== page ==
Movie Review: English-language Czech film 'The Prague Orgy’ only a mild indulgence

Movie Review: English-language Czech film 'The Prague Orgy’ only a mild indulgence

A controversial Canadian writer visits 1970s Prague intending to smuggle home manuscripts from an unknown Jewish author in The Prague Orgy, a new English-language adaptation of Philip Roth’s 1985 novella which director Irena Pavlásková filmed last year throughout the Czech capital, with a mostly Czech cast.

Lead Nathan Zuckerman (a stand-in for author Roth), meanwhile, is played by Canadian actor Jonas Chernick, who brings a nice sense of egotistical smugness to the character, a Western stranger who has little understanding of the world he has come into, and little intent of aiding it.

Roth’s novella The Prague Orgy served as a short epilogue to the three-novel Zuckerman Bound trilogy, which established the character as one who frequently cries oppression at the hands of a repressed society. In the Prague epilogue, meanwhile, he finds a decadent society in the thralls of a whole ‘nother form of oppression.

In Pavlásková’s film, an opening press conference attempts to establish the character that was previously intimately detailed in three full-length novels. Zuckerman is confronted for his views on sexuality and accused of being a misogynist by a couple female members of the media, and, well, that’s about it. I’m afraid some of the character’s complexities may be lost on audiences unfamiliar with the source.

Immediately thereafter, he’s visited by a fellow author and fan Zdeňek Sisovský (Jiří Havelka), who has fled communist oppression in Czechoslovakia along with his lover Eva (Klára Issová), a once-famous Prague actress who now sells dresses in New York City.

Sisovský tells Zuckerman a tale of unpublished Yiddish-language manuscripts written by his father, an unknown writer, which represent a great find for Jewish literature -- and which were, unfortunately, left behind in Prague.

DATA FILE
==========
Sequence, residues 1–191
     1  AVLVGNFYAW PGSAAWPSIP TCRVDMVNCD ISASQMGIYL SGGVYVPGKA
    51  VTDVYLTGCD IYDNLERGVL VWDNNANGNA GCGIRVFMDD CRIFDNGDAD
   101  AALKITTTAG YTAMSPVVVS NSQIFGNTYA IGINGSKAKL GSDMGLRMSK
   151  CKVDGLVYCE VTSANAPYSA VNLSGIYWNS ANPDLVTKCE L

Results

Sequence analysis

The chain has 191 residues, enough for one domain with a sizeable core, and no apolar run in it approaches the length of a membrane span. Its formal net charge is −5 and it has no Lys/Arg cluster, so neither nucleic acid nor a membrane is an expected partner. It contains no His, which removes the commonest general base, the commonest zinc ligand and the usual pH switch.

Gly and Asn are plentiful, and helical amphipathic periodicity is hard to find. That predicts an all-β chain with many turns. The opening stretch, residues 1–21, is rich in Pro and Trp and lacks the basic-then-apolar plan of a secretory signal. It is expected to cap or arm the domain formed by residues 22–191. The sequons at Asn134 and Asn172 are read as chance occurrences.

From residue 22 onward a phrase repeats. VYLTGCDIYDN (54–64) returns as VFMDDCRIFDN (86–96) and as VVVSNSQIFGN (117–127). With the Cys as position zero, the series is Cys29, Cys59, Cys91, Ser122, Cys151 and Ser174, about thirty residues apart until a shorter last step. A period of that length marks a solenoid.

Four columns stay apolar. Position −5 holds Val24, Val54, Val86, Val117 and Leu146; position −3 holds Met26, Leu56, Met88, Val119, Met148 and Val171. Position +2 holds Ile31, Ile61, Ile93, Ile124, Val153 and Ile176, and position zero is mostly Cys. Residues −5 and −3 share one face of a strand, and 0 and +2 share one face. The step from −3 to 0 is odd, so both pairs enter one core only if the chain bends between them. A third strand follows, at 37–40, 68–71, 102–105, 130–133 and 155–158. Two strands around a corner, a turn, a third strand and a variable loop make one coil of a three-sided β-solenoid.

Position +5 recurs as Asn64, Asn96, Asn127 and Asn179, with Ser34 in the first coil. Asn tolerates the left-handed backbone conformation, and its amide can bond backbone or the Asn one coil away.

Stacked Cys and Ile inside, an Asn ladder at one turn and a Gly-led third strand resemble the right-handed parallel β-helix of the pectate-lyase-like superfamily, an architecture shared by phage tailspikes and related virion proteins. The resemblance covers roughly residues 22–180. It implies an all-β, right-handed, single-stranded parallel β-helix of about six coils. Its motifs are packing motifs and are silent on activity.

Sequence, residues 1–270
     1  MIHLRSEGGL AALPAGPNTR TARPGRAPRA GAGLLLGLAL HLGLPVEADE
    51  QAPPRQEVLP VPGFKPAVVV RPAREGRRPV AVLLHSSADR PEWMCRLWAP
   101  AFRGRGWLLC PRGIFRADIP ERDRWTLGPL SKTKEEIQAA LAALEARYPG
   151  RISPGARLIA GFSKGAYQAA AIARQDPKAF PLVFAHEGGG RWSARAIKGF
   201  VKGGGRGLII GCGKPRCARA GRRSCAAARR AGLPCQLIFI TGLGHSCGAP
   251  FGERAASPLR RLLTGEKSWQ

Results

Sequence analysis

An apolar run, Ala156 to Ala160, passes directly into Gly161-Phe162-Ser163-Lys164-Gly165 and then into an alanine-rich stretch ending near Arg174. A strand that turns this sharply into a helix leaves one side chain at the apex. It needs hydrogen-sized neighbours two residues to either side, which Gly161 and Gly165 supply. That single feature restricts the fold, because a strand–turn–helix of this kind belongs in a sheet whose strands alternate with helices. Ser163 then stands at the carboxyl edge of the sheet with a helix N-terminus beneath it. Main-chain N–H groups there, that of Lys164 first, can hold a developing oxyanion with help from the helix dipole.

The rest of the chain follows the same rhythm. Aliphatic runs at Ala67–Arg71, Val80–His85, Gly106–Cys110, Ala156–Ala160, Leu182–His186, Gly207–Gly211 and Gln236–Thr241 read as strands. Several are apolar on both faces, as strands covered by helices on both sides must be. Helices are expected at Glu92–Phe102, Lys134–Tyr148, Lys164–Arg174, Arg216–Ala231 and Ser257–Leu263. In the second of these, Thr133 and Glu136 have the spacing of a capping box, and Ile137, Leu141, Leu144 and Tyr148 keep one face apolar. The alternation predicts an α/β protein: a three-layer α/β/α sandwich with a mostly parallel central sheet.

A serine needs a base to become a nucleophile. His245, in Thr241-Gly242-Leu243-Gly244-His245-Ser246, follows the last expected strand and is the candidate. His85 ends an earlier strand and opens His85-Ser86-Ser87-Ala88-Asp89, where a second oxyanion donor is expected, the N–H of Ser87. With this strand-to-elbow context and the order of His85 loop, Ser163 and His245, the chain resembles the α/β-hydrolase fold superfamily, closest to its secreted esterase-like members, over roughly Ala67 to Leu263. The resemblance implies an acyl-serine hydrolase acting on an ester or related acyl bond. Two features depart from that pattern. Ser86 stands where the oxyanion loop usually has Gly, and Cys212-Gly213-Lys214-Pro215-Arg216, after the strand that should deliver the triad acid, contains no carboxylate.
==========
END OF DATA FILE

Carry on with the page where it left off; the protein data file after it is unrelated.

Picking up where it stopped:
Zuckerman is keen on obtaining the manuscripts - whether for personal or idealistic reasons, or a little bit of both. But not only will he have to discreetly smuggle them out of Czechoslovakia under the watchful eyes of government agents, he’ll also have to obtain them from Sisovský’s ex-wife Olga, a sex-obsessed Bohemian who stages orgies in her Prague flat and has no love lost for her ex-husband or his pursuits in the land of the free.

It seems odd that the filmmakers didn’t cast a Czech as Olga - a character so inherently Bohemian - but Russian actress Kseniya Rappoport steals The Prague Orgy from the minute she hits the screen. As the politically oppressed but sexually free Olga, she’s magnetic in her attempts to not only sleep with Zuckerman but get him to marry her and take her away - - while Zuckerman, politically free but sexually oppressed, almost rejects her as a form of protection.

Whether Zuckerman gets the manuscripts or not, I don’t think the audience has been given enough reason to care. It’s a nice anecdote but not enough to hang the plot of a feature film; the foreplay between Zuckerman and Olga easily supersedes the story in weight, while Zuckerman’s climactic encounters with Czech officials, including Miroslav Táborský’s Minister of Culture, feel almost perfunctory.

One side scene, invented for the film, does indeed justify the spy movie stakes: Zuckerman meets with a young Václav Havel, future Czech President, in a Prague pub under the watchful eyes of officials. Roth did in fact meet with Czech authors in Prague during numerous visits through the 70s, and smuggled their writing out of the Iron Curtain until he was eventually banned from the country. His true story, as evidenced by the genuinely tense Havel scene here, would have made for a more compelling narrative than what ultimately ends up on the screen in The Prague Orgy.

Still, there’s a lot to like in The Prague Orgy, including location shooting throughout a number of central Prague locations which seamlessly fill in for their 40-year-old counterparts; cinematography by Alexander Surkala nicely captures the Soviet-era feel. And along with Chernick and Rappaport, whose rapport highlights the film, there are ripe performances from the supporting cast, including Pavel Kříž as a former theater director who gives Zuckerman a tour of underground Prague that includes Olga’s high-profile orgies

The Prague Orgy has been mostly trashed by critics and audiences in the Czech Republic, and it’s a real step down for director Pavlásková, who previously made the excellent Jan Saudek biography Fotograf. Fans of Roth are likely to appreciate The Prague Orgy best, but this English-language Czech movie has a lot of insight to the Czech psyche of the 1970s, and also holds genuine appeal for foreigners interested in Prague life and Czech politics of the time.

Note: The Prague Orgy is screening in Prague in both original English-language and Czech-dubbed versions.

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